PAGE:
Not packed in a bus. Not herded with a group. Self guided walk is the SAFEST way to sightsee while observing SOCIAL DISTANCING!

Antigua Introduction Walk (Self Guided), Antigua

Surrounded by volcanoes, the city of Antigua is a small yet very picturesque example of Spanish colonial architecture. Full of historic and religious sights, its most notable landmark is arguably the baroque-style La Merced Church which, once a year, becomes a pilgrimage destination for the famous Holy Week tradition or 'Semana Santa'. Follow this self-guided walking tour to explore this and other popular attractions of Antigua.
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Antigua Introduction Walk Map

Guide Name: Antigua Introduction Walk
Guide Location: Guatemala » Antigua (See other walking tours in Antigua)
Guide Type: Self-guided Walking Tour (Sightseeing)
# of Attractions: 9
Tour Duration: 2 Hour(s)
Travel Distance: 3.2 Km or 2 Miles
Author: Nick
Sight(s) Featured in This Guide:
  • Arch of Santa Catalina
  • La Merced Church
  • Parque Central (The Central Plaza)
  • Antigua Guatemala Cathedral
  • Santa Clara Convent and Church
  • San Francisco Cathedral
  • The Jade Museum
  • Santo Domingo Museum
  • Convent of the Capuchins
Arch of Santa Catalina

1) Arch of Santa Catalina (must see)

The Santa Catalina Arch is the most iconic landmark in Antigua Guatemala. Built in 1694 and located on 5th Avenue North, it originally connected the Santa Catalina Convent to a school on the other side of the street. At the time the cloistered nuns lived in the Santa Catalina Convent while they taught at the school during the day.

However there was a dilemma. The cloistered nons had to avoid all contact with the outside world so they could not simply walk across a busy street to reach the school. To solve the problem, an arch above the street was built to connect the convent and the school. Within the arch there is a hidden passageway enabling the nuns to cross the street without being seen in public. It was an ingenious idea that worked perfectly! The arch has suffered damage over the years, especially during the catastrophic earthquake of 1773. But miraculously, it has survived and it is now a symbol of the city’s resilience.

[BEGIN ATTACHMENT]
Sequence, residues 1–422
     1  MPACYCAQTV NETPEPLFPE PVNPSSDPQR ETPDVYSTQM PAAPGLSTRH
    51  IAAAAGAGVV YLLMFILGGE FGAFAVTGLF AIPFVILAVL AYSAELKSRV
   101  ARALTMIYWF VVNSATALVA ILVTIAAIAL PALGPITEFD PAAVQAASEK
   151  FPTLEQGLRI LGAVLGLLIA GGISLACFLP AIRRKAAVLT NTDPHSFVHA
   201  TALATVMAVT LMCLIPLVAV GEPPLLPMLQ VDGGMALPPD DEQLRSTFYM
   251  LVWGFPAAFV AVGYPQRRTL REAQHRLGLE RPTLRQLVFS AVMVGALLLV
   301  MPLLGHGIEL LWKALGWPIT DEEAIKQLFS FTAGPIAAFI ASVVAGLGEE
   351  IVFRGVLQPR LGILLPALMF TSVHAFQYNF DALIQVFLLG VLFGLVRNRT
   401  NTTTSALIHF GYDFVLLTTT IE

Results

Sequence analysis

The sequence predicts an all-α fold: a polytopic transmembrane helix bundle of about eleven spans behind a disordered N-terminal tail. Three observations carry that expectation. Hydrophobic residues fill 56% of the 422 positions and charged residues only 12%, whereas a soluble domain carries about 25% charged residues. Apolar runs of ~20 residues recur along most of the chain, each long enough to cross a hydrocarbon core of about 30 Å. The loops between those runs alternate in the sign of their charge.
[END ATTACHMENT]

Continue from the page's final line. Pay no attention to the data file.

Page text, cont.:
A clock on top was added in the era of the Central American Federation in the 1830s and it needs to be wound every three days.

Today, the Santa Catalina Arch is the most famous city monument and easily the most photographed.
La Merced Church

2) La Merced Church (must see)

La Merced Church is a fine example of baroque in Antigua. This storied place of worship was built on the site of a monastery established in 1548, but the original building was repeatedly damaged by earthquakes. The current church was built in 1767. The building has a low height designed to withstand the frequent tremors in Guatemala. The baroque style building has a beautiful facade with ornamental elements set in relief and a striking yellow color of the main walls complemented by white plaster scultures.

After more than three centuries, the building is still standing and remains in good share. Today the church is popular with locals and tourists alike. La Merced Church is open to the public daily from 9 am to 6 pm.
Sight description based on wikipedia
Parque Central (The Central Plaza)

3) Parque Central (The Central Plaza) (must see)

Situated in the heart of Antigua, Parque Central is the center of social life for the city's residents. Surrounded by beautiful colonial structures, this large plaza is the gathering place and a meeting spot for locals and visitors alike. It is a great place to go for a leisurely stroll and people watching. There are plenty of benches and trees if you want a rest and observe as there is always something going on.